Several studies have analysed recovery of kidney function post-donation. All of them have linked an increase in kidney volume to GFR compensation.25–27 Different reports have given a detailed account of the process through which the remaining kidney increases its GFR following donation.25 In a live kidney donor, kidney flow is increased immediately after nephrectomy such that, despite the loss of half the donor’s functional kidney mass, a GFR corresponding to 70% of the donor’s prior kidney function is achieved. Some studies have evaluated pre-existing factors associated with recovery of kidney function and have agreed that a higher baseline GFR is predictive of better kidney function a year after donation.9,28,29

The performance of the equations for estimating GFR post-nephrectomy following the stabilisation thereof was evaluated. Both the MDRD equation and the CKD-EPI equation underestimated GFR post-donation, particularly for GFRs of 60–90ml/min/1.73m2.

Several studies have assessed these equations as tools for donor screening, but few studies have evaluated them in a post-donation context.

This was the scenario in which we found the greatest underestimation effect, particularly with MDRD, which erroneously classified 38.6% of donors post-nephrectomy with GFRs exceeding 60ml/min/1.73m2. The area under the ROC curve for the MDRD equation, for an mGFR <60ml/min/1.73m2, was a low value (0.66) due to its poor diagnostic specificity, which could cause incorrect evaluation of GFRs in kidney donors post-nephrectomy.

This study reported biases on the part of the MDRD and the CKD-EPI, in line with other published studies,19,22,30 finding an increase in the bias of the MDRD equation when it was used post-nephrectomy (–19.5ml/min/1.73m2).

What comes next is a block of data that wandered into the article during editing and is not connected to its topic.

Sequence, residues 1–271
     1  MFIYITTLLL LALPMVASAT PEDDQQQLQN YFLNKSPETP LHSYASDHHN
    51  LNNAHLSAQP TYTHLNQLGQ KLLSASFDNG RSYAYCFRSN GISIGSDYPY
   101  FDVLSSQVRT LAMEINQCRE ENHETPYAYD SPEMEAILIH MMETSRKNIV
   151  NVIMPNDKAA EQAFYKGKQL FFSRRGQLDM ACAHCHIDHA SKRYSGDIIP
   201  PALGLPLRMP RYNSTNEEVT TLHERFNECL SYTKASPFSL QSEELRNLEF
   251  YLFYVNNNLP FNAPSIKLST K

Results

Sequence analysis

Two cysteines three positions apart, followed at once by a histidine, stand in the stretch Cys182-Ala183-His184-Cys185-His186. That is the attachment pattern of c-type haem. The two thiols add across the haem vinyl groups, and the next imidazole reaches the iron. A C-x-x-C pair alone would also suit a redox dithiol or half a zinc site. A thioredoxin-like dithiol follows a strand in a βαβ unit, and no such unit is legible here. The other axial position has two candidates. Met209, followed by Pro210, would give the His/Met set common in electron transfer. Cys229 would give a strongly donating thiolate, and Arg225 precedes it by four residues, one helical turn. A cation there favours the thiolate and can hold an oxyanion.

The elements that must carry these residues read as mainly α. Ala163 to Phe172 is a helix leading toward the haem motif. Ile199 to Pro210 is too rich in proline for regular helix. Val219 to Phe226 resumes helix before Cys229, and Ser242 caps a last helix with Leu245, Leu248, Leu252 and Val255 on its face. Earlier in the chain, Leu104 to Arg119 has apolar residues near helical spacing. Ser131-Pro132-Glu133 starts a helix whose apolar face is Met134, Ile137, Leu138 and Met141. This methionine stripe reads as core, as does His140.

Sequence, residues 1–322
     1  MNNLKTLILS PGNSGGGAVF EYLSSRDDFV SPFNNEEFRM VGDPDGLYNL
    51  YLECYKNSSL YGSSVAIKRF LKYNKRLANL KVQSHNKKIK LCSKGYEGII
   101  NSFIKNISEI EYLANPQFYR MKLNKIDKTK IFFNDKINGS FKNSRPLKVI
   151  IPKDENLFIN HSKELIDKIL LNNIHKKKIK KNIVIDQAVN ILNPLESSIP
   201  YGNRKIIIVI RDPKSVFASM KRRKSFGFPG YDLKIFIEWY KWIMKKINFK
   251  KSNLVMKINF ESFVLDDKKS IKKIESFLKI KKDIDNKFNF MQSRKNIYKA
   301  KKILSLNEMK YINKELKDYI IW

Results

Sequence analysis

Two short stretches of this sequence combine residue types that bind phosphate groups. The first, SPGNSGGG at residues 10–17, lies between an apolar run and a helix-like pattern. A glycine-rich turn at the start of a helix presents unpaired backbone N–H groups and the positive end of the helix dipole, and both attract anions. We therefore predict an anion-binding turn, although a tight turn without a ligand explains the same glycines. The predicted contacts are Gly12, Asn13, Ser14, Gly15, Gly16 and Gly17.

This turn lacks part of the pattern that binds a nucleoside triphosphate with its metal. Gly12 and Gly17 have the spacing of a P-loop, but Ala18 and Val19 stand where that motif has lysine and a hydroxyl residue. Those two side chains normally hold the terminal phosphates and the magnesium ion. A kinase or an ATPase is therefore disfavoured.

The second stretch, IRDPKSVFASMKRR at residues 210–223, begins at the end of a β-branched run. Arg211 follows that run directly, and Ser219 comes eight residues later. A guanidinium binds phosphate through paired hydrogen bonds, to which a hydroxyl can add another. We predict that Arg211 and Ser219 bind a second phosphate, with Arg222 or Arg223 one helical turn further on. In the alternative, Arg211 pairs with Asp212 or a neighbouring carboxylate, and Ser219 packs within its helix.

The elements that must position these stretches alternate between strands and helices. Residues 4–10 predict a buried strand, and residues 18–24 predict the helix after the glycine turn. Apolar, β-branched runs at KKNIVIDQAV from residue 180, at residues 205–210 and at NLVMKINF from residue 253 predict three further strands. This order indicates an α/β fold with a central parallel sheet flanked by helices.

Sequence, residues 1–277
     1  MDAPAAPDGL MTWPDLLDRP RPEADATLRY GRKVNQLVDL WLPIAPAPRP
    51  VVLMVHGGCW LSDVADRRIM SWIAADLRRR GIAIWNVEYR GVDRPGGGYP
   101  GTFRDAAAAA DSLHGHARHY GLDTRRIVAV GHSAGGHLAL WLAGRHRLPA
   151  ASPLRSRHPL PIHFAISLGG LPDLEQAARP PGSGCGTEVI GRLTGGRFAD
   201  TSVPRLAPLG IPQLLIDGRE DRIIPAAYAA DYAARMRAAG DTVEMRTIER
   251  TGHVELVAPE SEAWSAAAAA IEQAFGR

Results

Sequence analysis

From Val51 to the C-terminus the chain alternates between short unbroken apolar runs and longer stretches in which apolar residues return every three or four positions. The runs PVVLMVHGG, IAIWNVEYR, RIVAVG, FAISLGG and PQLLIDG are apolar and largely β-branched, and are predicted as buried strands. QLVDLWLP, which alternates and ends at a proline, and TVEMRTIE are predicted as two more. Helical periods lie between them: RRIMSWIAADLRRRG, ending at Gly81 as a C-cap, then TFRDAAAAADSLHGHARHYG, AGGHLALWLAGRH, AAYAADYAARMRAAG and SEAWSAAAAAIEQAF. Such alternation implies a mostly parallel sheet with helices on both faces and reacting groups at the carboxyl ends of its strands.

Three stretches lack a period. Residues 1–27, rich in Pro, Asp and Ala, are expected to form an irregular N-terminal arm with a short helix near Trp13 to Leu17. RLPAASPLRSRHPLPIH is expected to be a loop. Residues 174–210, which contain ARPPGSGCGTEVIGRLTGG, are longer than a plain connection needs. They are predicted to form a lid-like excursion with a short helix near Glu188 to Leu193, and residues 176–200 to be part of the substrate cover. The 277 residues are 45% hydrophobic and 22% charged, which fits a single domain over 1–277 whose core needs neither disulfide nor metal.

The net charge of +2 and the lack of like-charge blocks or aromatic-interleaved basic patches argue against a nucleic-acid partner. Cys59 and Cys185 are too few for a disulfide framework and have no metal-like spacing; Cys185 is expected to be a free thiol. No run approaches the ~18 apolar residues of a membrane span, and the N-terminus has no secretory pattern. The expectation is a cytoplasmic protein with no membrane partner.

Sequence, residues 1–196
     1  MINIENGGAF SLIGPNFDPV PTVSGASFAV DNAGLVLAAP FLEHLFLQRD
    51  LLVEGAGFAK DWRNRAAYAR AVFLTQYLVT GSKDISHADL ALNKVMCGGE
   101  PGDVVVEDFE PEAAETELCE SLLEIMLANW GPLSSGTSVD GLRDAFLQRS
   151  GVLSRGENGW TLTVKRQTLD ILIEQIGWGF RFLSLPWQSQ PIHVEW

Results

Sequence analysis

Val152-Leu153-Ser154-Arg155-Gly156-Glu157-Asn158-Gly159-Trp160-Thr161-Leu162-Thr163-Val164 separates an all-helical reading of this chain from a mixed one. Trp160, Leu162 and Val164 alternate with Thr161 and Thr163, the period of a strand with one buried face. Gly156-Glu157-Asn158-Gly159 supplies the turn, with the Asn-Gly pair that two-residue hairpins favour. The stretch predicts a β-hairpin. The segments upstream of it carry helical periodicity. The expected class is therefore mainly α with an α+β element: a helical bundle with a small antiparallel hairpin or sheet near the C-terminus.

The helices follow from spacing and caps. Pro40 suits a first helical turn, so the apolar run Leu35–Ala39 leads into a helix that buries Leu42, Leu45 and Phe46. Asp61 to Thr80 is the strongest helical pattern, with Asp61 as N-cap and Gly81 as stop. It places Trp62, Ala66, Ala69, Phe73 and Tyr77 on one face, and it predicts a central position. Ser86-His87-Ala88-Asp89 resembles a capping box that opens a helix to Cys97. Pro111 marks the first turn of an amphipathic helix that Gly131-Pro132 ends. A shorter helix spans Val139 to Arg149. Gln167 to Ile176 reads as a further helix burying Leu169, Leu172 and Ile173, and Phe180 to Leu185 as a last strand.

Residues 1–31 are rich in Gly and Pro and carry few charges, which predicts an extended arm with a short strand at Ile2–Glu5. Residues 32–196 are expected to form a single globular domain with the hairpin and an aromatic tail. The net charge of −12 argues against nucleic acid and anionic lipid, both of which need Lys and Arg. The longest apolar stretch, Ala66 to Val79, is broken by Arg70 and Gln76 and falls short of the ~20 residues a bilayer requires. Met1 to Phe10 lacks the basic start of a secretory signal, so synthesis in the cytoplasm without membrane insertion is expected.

We evaluated the distribution of estimated and measured GFR values considering donor age group. Both equations applied to different age groups showed a lack of agreement with measured values, both in the evaluation before donation and in the evaluation after it.

The CKD-EPI equation showed a distribution with greater agreement compared to the MDRD in relation to mGFR values. However, underestimation was seen across all age groups. The underestimation and high variability of the equations, where wide ranges of estimated values compared to measured values were seen for the same values, call into question their applicability.

This takes on great importance when precise determination of GFR is required in the care of kidney donors, as well as in their screening, particularly in those with expanded criteria.

The possibility of detecting modest changes in GFR is essential for identifying donors at risk and thus for being able to promptly implement strategies for prevention and personalised monitoring. Most transplant programmes assess serum creatinine levels or estimate GFR with the equations that we assessed in this study for long-term follow-up of their donors, all for reasons of accessibility, despite the limitations previously reported in the general population and confirmed by our study when applied to donors.18,19,31

The KDIGO guidelines affirm the need to determine GFR, but do not establish the most suitable methodology to be used to do so.32 The results of our series suggest that, in donors under 40 years of age with a family history of chronic kidney disease, albuminuria or blood pressure at the upper limit of normal, a strategy of measurement rather than estimation with traditional formulas would be recommended.

In conclusion, post-donation GFR and GFR stabilisation post-nephrectomy achieves an average level of compensation of 70% of the initial GFR. Equations for estimating GFR show poor performance for long-term follow-up of GFR post-nephrectomy. It would be advisable to measure GFR in the screening and follow-up of certain donors under the current criteria for screening and acceptability for donation.


This study received no specific funding from public, private or non-profit organisations.

Conflicts of interest


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Please cite this article as: Luján P, Chiurchiu C, Capra R, de Arteaga J, de la Fuente J, Douthat W. Medición y estimación del filtrado glomerular posdonación renal. Nefrologia. 2021;41:191–199.